"Great Deal"4.5 starson by nosoupferyoo
Pros: Absolutely everything about it
Cons: Very few times it stalls (possibly through overuse)
Summary: I really have no reason to write this, but after seeing so many bad reports about this, I have to spread the facts about it. First of all, I should explain what type of tools used with it.
I have a Compaq Presario computer, 2.6 GHz of Celeron CPU, 1 Gig of RAM (although it has worked perfectly when only half that amount was available), XP, and use the Nero toolkit. I don't care about not having all of Nero because it hasn't failed me yet and all I really need are burning, image-to-disc, and backup capabilities. My computer is average overall, less than the normal recent computers because of its processor, motherboard, and outdated onboard video.
Prior to working with this, I have used a USB DVD-RW burner. I strongly recommend not getting these, even Sony's, although I didn't use their's but someone else's. The reason is that data doesn't flow as fast even with firewire, and the ribbon cable/motherboard is more than enough to power it all up. Every single DVD was wasted due to this, and only about two in the twenty DVDs used were correct until I've reached a certain file.
This DVD burner was next in line because the honesty of salesmen at CompUSA told me to get it (not to advertise about this store, though; I know each franchise is different, but Vacaville's is amazing). I sometimes burn twenty-thirty dvds a day, and I haven't had any problems whatsoever except that listed above, which I will talk about soon. There was not a byte or bit wasted as far as I could tell, and the software works great with it. Even at multi-sessions I haven't had a problem except the obvious one of which the DVD cannot be played with a stand-alone DVD player, or at least the second session and beyond.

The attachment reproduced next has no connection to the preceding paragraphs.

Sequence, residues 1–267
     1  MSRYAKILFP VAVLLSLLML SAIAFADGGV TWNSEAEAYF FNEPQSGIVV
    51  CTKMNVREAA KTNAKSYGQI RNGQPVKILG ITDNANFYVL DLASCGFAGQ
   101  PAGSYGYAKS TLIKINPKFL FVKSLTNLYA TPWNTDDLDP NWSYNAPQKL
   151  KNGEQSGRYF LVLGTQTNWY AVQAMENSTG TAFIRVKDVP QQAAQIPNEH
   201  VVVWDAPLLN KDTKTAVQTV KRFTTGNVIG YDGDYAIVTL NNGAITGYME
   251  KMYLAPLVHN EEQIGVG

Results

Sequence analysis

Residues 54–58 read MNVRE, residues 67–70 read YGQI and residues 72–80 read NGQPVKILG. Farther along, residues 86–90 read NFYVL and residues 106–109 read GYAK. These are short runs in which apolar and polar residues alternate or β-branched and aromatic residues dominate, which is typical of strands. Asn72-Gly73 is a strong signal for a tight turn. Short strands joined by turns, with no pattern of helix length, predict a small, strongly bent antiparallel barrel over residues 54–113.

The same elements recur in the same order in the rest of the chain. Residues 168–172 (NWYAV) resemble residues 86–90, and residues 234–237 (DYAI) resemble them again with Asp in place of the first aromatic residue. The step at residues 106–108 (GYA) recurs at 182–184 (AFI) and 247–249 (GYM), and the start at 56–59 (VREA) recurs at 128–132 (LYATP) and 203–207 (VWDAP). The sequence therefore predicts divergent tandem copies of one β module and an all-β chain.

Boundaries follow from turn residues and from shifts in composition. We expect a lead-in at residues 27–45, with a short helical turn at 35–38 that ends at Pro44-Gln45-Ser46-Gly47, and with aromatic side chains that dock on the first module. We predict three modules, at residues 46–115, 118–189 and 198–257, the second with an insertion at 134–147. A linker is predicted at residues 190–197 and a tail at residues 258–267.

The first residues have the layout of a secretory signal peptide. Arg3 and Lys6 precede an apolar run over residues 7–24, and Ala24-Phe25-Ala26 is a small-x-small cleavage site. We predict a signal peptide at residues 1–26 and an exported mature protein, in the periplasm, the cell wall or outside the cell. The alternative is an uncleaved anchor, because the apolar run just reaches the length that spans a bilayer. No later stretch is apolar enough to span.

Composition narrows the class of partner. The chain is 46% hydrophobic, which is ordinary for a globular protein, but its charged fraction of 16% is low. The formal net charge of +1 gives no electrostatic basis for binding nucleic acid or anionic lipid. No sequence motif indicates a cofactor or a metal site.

The only con I had about this is that sometimes while backing up files it goes into an infinite command loop. I am not sure if this is a hardware or software problem, but think it is software because right after when I try again, it works perfectly. I hadn't turned off and cold-booted my computer for days, so probably it would be the problem in the RAM since it keeps the residence after prolonged use. This only happened about twice out of months of use and hundreds of DVDs burned, and only before I added more RAM into the computer.
I haven't tried a DVD-9 yet because it's less reasonable to me than buying Sony DVDs wholesale. Hopefully the prices will go down so I'll get one, but at the moment I'm not in the position to even try one out. I'll update this if this happens. As for the DVD+R, it goes a bit over eight minutes to be copied, and for the smallest copy it could be up to two minutes. The difference I believe is too small to even recognize since there's great benefits toward this, and I even can run small programs while doing this, although it comes slowly (suggestion: do not run heavy processor-leeching programs. Although they will run, any burner in the world will slow down the process, and most will waste the copy. I haven't seen this in mine, but it probably will due to its burner nature).
Hopefully this helps a couple people. Most of the time when people say it doesn't run right is because their own computer isn't capable of it and goes too slow or the processor is being too used up. I'm not a tech, but I think you should at least log off a few programs and look at task manager to see how much is being used.
This is it. Sony has done a great job at managing their product effectively, and I believe nothing can top this product's reliability. I know nothing can in my book at least. Thanks for reading, and enjoy yourself.